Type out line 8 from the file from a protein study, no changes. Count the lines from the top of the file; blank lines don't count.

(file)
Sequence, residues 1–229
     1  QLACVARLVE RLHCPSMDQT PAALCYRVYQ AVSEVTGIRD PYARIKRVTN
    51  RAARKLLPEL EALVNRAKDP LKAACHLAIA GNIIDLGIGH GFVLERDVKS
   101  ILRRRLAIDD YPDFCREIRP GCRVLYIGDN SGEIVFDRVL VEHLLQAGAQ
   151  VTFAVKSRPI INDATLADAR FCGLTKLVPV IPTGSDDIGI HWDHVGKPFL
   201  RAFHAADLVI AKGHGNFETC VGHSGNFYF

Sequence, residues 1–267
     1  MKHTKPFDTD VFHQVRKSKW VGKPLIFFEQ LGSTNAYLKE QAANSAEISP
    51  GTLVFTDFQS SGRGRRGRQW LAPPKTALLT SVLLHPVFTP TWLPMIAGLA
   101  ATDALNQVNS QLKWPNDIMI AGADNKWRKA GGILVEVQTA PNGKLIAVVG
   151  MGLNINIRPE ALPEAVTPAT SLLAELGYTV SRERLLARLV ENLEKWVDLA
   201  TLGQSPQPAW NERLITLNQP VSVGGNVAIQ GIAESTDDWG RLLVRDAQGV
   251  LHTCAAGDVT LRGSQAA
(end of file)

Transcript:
     1  MKHTKPFDTD VFHQVRKSKW VGKPLIFFEQ LGSTNAYLKE QAANSAEISP